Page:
NAIROBI (Reuters) - Africans are struggling to cope with stubbornly high global oil prices which are forcing many to walk long distances to work or schools, go hungry as food prices skyrocket, and depend on candles to light their homes.
Crude oil prices surged to a record $68 a barrel this week on supply concerns, raising fears of further fuel hikes in Africa where burdened families were already reeling from rises.
"If they are increased again, I will be left with no food to feed my orphans because (food) prices will go up because of transport costs," said Mai Wisiki, a grandmother with four orphans in Malawi's Chiradzulu district.
Across Africa, prices at the pump are ballooning at an alarming rate, pushing millions of people on the world's poorest continent deeper into poverty and adding to the threat to the continent's forests, the source of much of its firewood.
Many rural homes in Africa do not have electricity and depend on kerosene to light their small lamps and cooking stoves in the evenings. But the price of kerosene is becoming unaffordable for many.
"Nowadays I cannot afford to buy kerosene for my children to study, I can only afford to buy candles," said Margaret Njuki, a single mother of three and a tea farmer in central Kenya.
The need for an affordable alternative source of power is also putting pressure on forests.
"Every day things are going from bad to worse. Because of the increase in the price of cooking gas, I have reverted to using firewood and charcoal," said Melanie Ndoh, a civil servant and housewife in Cameroon, where the government last week raised prices for fuel products by 8 CFA francs per litre.
With transport cost rising daily, many motorists have been forced to change their lifestyles and are now trekking to their work places. Others have opted to ride bicyles while small traders hire handcarts to save on transport costs.
"I have a car that I have now parked. I cannot afford fuel because I have other needs such as paying school fees for my children, rent and food," said John Shiundu, a shopkeeper outside Nairobi's city centre.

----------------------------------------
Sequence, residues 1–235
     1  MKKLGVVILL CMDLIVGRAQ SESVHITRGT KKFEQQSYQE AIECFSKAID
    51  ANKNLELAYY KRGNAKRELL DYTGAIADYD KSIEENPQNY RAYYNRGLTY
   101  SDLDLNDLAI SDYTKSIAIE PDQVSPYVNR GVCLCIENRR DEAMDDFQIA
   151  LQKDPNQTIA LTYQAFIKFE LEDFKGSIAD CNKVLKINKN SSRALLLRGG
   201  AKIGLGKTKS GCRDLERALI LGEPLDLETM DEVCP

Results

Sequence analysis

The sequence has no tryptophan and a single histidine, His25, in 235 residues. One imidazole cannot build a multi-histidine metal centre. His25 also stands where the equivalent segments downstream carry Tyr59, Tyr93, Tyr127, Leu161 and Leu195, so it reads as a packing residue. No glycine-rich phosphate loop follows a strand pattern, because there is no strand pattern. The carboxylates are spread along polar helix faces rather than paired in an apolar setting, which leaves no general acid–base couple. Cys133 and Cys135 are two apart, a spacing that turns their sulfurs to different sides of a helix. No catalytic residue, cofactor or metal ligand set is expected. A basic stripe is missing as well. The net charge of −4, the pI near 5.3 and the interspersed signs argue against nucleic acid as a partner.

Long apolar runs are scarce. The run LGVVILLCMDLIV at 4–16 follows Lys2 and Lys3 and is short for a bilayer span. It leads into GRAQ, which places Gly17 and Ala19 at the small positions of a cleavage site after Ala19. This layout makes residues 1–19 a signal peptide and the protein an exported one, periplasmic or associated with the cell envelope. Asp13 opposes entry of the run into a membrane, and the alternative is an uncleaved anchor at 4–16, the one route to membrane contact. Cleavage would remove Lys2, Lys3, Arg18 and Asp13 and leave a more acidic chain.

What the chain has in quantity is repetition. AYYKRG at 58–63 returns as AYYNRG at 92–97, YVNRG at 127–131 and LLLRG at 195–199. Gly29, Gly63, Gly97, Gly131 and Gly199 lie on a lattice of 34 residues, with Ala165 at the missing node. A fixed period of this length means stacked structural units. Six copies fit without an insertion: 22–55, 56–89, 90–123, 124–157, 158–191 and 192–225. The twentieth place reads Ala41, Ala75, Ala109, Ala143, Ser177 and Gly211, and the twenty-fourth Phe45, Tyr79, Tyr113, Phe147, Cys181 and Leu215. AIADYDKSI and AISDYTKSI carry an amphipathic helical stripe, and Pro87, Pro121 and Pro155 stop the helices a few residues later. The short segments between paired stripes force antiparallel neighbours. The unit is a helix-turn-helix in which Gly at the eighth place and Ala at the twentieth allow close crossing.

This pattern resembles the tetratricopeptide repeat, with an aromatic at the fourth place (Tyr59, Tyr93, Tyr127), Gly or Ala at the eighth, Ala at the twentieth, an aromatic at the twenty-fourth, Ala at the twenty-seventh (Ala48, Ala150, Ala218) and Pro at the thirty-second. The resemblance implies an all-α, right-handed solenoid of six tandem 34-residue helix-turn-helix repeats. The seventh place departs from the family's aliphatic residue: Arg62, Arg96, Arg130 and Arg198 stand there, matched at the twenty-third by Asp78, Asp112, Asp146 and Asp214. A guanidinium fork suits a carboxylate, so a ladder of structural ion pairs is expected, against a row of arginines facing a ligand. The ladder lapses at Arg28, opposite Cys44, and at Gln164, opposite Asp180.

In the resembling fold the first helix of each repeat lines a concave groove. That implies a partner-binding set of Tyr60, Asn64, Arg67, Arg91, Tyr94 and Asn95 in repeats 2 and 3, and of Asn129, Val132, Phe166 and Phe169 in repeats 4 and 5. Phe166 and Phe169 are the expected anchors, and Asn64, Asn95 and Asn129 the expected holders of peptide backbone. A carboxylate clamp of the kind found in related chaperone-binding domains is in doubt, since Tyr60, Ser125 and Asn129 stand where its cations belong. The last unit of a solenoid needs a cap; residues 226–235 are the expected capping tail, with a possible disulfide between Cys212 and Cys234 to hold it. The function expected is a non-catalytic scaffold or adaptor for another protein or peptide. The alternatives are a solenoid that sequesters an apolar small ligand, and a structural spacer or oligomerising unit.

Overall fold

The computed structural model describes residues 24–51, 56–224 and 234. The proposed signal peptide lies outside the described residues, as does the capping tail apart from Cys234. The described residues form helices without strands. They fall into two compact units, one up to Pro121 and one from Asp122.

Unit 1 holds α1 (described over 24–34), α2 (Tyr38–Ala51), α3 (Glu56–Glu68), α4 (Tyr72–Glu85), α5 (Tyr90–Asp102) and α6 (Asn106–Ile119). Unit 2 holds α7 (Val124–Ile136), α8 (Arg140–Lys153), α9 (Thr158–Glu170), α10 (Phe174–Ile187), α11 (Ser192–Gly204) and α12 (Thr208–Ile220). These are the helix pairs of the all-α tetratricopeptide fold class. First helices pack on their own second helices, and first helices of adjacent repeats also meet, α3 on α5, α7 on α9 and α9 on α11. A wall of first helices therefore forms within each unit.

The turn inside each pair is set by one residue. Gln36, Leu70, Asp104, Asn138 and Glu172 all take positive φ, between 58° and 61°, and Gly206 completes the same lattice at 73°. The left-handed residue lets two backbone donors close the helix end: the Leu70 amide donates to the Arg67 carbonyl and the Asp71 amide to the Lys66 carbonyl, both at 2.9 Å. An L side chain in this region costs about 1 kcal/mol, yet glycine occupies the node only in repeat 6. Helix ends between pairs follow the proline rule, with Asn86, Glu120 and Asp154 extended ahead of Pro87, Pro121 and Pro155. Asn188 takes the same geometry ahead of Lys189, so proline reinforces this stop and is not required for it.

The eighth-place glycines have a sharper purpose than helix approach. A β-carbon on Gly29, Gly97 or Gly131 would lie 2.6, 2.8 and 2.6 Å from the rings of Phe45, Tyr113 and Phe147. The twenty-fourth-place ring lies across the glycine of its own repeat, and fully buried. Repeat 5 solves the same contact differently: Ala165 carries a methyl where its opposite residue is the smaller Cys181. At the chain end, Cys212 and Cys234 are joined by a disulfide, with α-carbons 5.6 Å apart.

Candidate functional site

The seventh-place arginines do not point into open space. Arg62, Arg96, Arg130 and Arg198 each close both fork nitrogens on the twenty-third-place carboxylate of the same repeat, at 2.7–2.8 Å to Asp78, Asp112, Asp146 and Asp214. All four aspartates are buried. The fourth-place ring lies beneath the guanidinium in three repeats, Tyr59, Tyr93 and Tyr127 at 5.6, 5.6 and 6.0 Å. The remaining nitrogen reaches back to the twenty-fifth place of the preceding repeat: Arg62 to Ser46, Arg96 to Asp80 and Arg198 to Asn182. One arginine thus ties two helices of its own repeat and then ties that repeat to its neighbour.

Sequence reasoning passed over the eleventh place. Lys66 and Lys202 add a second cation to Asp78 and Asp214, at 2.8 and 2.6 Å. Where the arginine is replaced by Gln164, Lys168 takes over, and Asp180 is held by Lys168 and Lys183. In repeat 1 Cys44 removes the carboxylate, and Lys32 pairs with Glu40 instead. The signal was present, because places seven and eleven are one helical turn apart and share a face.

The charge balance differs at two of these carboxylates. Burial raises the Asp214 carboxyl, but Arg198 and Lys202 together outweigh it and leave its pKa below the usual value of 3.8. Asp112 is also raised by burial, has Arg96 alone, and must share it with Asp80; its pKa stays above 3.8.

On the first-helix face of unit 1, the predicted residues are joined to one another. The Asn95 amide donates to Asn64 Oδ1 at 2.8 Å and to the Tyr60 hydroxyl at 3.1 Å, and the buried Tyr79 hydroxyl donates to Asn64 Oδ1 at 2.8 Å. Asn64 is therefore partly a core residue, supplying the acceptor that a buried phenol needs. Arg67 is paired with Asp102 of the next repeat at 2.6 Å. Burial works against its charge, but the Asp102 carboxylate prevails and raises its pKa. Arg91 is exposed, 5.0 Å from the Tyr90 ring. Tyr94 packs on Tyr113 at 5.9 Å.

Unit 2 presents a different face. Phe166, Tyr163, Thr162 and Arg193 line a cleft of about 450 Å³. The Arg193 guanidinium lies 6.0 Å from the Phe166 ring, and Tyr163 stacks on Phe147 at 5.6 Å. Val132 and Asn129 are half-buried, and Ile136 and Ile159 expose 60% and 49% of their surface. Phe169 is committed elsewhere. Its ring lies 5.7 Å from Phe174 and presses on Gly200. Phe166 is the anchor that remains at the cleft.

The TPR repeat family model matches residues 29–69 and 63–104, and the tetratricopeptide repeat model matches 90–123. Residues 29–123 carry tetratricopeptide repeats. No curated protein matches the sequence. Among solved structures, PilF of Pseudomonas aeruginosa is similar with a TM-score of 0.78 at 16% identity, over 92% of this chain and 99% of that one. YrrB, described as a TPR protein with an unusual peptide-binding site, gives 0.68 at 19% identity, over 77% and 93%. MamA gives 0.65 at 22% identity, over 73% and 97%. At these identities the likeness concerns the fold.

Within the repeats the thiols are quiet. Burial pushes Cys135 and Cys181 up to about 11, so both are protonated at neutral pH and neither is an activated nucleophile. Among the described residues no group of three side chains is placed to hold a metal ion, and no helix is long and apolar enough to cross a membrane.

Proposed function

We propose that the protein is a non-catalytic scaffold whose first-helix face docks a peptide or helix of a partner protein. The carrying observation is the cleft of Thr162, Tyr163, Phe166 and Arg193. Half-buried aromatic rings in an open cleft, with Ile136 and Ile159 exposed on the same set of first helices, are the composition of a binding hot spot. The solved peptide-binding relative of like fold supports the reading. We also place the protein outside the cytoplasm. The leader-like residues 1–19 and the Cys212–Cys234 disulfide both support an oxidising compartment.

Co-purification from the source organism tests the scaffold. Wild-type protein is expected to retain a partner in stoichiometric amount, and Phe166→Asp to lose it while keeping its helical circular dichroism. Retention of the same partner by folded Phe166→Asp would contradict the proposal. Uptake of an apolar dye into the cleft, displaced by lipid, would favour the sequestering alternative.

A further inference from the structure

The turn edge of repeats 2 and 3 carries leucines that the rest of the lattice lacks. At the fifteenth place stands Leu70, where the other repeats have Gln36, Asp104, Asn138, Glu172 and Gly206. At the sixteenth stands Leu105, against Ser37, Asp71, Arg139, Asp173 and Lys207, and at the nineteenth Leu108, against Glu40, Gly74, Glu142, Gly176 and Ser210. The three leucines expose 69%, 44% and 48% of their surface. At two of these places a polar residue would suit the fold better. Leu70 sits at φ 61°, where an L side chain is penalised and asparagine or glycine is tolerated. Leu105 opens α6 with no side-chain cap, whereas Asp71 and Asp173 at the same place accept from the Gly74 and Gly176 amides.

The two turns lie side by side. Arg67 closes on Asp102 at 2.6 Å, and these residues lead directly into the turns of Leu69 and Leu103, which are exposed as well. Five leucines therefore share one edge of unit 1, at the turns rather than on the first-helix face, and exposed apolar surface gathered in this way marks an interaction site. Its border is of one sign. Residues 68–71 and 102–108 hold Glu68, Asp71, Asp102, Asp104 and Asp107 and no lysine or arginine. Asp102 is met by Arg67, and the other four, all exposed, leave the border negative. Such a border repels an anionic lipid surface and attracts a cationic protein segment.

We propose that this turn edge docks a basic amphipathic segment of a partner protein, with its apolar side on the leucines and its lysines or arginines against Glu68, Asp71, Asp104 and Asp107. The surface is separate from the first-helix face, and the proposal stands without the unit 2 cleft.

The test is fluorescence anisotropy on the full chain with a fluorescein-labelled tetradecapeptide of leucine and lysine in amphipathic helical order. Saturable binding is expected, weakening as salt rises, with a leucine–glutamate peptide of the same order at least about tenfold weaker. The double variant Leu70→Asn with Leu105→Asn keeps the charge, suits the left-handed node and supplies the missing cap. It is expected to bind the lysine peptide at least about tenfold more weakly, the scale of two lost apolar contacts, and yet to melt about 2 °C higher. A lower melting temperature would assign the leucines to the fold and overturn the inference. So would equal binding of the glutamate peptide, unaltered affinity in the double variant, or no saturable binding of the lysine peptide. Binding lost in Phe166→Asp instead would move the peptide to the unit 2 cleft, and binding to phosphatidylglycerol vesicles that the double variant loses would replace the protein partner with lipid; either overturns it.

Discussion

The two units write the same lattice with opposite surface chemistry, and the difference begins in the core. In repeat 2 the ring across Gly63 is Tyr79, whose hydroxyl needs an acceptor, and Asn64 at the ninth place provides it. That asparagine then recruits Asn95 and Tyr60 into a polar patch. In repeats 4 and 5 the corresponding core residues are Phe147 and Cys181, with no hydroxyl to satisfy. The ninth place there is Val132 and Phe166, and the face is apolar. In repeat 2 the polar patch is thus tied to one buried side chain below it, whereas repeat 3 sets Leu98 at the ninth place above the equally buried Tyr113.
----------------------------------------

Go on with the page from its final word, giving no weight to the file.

Students have not been spared.
"I have to walk for eight km to school and another eight km back home just to save some money," said Lewis Nyirenda, a college student in the Zambian capital Lusaka.
"GARGANTUAN OIL PRICE"
Although Africa's powerhouse South Africa has said it expects strong economic growth despite high oil prices, many on the continent say the rises pose a threat to economic goals due to soaring inflation and weakened local currencies.
"The recent gargantuan oil price increases could be disastrous for African economies," Augustin Fosu, the director of economics and social policy division at the U.N. Economic Commission for Africa told Reuters.
"Although a handful of countries that are oil-producing should benefit, the vast majority of African countries are non-oil producing and their economies will be significantly hurt by these negative supply shocks."
He said global growth is likely to be reduced which will cut export demand for African goods. Many African countries could also be forced to reallocate funds in their budgets away from crucial development projects to meet with a high oil budget.
High oil prices are also raising social tensions and some governments are grappling with protests.
In the west African country of Guinea, the government increased oil prices in May to 3,800 Guinean francs from 2,500 francs prompting a group of armed youths to attack several lorries carrying rice, the country's staple food, to deter the government from further hikes.
Some African governments like Ethiopia, Mauritius and tiny Seychelles are yet to raise petrol prices, but not for too long.
In Mauritius, the government's Automatic Price Mechanism committe is scheduled to review petrol prices in October. Analysts say prices will go only one way -- up.
"If the price of petrol is adjusted as it should, the first effect will be a further deterioration of the trade deficit", said Mahmood Cheeroo, the director of the Mauritius Chamber of Commerce and Industry.